Christine Webster makes it her mission to inspire the next generation of eco-conscious citizens. An Adopt-a-Beach team leader and science instructor of 28 years, Webster also sponsors Hudsonville High School’s Green Team, in Hudsonville, Michigan.
For the fourth year in a row, the student environmental group organized dozens of student volunteers to clean up Holland State Park Beach as part of September Adopt-a-Beach and the International Coastal Cleanup.
“International Coastal Cleanup is a really good event at the start of the school year for people to get involved and see what we’re all about,” said Webster.
September Adopt-a-Beach is the largest day of action for the Great Lakes, with hundreds of cleanup events around the region. It’s part of a global movement as it is part of the Ocean Conservancy’s International Coastal Cleanup.
Young People Join Together for the Great Lakes
The mid-September day of action has been a perfect opportunity for the Green Team to kick off the school year and recruit young environmentalists from the incoming freshman class. To promote the beach cleanup, Green Team students created a “Did You Know?” series with data from past September Adopt-a-Beach events.
“We always have a decorated table, and fact sheets with litter data. We pose the question, ‘Can we do better, can we exceed these numbers this year?’” Webster said.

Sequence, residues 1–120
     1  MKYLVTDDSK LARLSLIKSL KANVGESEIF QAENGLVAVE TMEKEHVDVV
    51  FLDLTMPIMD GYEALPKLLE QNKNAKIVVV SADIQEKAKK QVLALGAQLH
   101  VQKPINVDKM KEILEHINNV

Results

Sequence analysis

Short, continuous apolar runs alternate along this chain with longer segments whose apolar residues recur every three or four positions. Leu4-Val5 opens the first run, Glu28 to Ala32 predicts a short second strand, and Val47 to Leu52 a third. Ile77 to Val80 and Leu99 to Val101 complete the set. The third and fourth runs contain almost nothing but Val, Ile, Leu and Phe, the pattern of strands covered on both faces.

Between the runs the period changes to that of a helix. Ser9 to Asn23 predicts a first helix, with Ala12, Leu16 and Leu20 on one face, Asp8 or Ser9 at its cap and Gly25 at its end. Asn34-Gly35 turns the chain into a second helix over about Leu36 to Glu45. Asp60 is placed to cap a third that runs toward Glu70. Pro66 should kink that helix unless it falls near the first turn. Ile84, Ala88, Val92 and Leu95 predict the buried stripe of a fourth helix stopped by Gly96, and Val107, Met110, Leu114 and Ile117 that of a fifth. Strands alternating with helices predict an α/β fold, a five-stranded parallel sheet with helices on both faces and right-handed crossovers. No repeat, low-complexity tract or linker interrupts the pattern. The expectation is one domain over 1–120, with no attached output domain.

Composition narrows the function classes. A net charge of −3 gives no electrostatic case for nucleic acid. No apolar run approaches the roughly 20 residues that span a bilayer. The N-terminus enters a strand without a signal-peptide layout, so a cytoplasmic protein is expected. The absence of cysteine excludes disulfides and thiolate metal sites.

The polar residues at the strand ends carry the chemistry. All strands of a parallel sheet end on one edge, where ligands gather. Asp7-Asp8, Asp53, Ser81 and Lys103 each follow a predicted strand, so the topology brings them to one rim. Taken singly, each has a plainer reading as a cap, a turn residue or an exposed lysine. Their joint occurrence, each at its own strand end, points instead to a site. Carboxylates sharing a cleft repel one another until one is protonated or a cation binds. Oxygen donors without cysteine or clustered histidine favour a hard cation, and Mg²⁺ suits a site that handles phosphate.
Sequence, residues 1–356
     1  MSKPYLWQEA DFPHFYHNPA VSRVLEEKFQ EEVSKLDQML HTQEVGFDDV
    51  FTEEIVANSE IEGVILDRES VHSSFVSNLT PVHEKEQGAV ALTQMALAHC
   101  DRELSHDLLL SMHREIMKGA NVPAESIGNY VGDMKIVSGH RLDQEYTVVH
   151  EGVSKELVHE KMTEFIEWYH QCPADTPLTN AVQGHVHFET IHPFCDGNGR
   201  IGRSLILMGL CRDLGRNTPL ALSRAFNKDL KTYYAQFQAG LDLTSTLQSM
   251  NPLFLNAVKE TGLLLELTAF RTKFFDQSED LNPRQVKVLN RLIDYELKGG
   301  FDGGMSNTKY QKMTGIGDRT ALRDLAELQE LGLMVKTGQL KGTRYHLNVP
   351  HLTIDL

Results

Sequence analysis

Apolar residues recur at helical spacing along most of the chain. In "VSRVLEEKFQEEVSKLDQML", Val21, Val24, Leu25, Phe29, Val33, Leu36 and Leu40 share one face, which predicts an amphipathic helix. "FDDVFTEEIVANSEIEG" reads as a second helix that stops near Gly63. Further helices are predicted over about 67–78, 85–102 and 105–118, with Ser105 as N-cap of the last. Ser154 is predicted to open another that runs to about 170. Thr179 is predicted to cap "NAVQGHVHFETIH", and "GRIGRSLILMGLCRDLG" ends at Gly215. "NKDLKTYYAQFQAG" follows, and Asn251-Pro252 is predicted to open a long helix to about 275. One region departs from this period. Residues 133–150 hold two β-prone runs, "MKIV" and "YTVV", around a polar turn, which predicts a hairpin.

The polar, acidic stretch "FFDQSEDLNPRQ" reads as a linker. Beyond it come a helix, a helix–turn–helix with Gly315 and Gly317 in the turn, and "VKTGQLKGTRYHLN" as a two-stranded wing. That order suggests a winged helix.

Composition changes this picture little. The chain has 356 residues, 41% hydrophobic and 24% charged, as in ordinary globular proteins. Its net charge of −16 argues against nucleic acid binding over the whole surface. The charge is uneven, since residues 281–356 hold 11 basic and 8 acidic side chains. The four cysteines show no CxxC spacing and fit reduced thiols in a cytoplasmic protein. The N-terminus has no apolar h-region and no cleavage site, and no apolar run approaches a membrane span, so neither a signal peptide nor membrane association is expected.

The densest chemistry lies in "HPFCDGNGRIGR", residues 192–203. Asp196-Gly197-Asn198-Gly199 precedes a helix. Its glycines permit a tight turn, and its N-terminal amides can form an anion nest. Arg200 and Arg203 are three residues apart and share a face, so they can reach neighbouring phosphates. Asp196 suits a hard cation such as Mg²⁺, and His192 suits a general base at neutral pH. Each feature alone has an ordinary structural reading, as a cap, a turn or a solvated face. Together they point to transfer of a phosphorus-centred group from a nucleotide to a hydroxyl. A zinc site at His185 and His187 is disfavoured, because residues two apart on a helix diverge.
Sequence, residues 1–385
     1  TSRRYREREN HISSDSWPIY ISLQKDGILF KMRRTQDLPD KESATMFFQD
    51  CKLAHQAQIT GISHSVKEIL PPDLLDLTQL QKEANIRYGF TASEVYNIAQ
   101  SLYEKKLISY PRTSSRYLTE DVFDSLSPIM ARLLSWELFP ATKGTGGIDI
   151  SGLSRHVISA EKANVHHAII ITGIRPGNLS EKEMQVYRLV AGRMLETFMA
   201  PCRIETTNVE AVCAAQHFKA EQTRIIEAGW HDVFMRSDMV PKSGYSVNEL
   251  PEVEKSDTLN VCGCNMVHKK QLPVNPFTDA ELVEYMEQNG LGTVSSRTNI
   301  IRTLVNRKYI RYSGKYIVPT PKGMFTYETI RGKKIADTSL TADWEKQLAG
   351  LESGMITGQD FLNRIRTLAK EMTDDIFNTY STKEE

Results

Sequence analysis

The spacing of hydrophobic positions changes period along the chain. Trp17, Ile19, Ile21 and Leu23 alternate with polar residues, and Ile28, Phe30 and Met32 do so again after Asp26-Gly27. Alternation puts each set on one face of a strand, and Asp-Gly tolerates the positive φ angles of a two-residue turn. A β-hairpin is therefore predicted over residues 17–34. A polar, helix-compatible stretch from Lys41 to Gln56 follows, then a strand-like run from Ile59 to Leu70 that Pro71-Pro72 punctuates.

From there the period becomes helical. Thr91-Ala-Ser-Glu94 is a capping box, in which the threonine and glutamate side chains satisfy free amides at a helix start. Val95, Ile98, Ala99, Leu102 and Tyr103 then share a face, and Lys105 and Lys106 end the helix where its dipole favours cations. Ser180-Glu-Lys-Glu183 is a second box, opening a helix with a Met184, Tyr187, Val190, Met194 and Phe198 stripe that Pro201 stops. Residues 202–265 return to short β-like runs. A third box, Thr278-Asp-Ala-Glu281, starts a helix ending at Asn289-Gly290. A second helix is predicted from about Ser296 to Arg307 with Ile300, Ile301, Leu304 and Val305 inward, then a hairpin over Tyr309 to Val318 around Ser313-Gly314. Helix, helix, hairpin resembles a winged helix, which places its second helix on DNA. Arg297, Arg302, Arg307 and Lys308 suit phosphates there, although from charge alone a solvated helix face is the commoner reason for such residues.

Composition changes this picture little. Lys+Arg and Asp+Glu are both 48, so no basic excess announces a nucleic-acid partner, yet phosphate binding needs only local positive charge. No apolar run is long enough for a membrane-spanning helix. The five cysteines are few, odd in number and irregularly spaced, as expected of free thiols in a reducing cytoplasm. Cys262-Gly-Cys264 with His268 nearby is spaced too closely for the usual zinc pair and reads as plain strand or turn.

This year, the high schoolers were joined by a group of college students from Michigan State University’s Bailey Scholars Program in the College of Agriculture and Natural Resources. The collaboration offered a positive experience for high school and college students alike.
“One thing that I thought was cool is how thankful the community was for our students’ act of service,” said Reva Durr, who coordinated the Bailey Scholars’ involvement in Adopt-a-Beach. “Many people who were sitting on the beach or just passing by stopped to thank us.”
A Committed and Resourceful Bunch
Since the Green Team has taken a larger stewardship role at Holland State Park Beach, Webster has noted a shift. Beachgoers seem to stay and enjoy the water longer, many staying for a full day and setting up barbecues.
Off the beach, the Green Team works with city of Hudsonville’s naturalist to implement native plantings in an 8-acre area adjacent to their school. They assess water quality with macroinvertebrate surveys and plant rain gardens as a drainage area to capture water from the school’s new parking lot, which frequently flooded.
The students are a committed and resourceful bunch. They raise money by recycling bottles and cans from Hudsonville High School, gathering more than 2,000 pounds of plastic annually. The return on the bottle deposits funds many of the Green Team’s operations, allowing the students to stay self-sufficient.
The Green Team, established eight years ago, has a track record of making an impact on students that lasts beyond the four years of high school.
“I have former students who come back to support,” Webster said, adding that the Green Team students are exceptionally committed to the cause.
“As a teacher, that’s the biggest reward in the world.”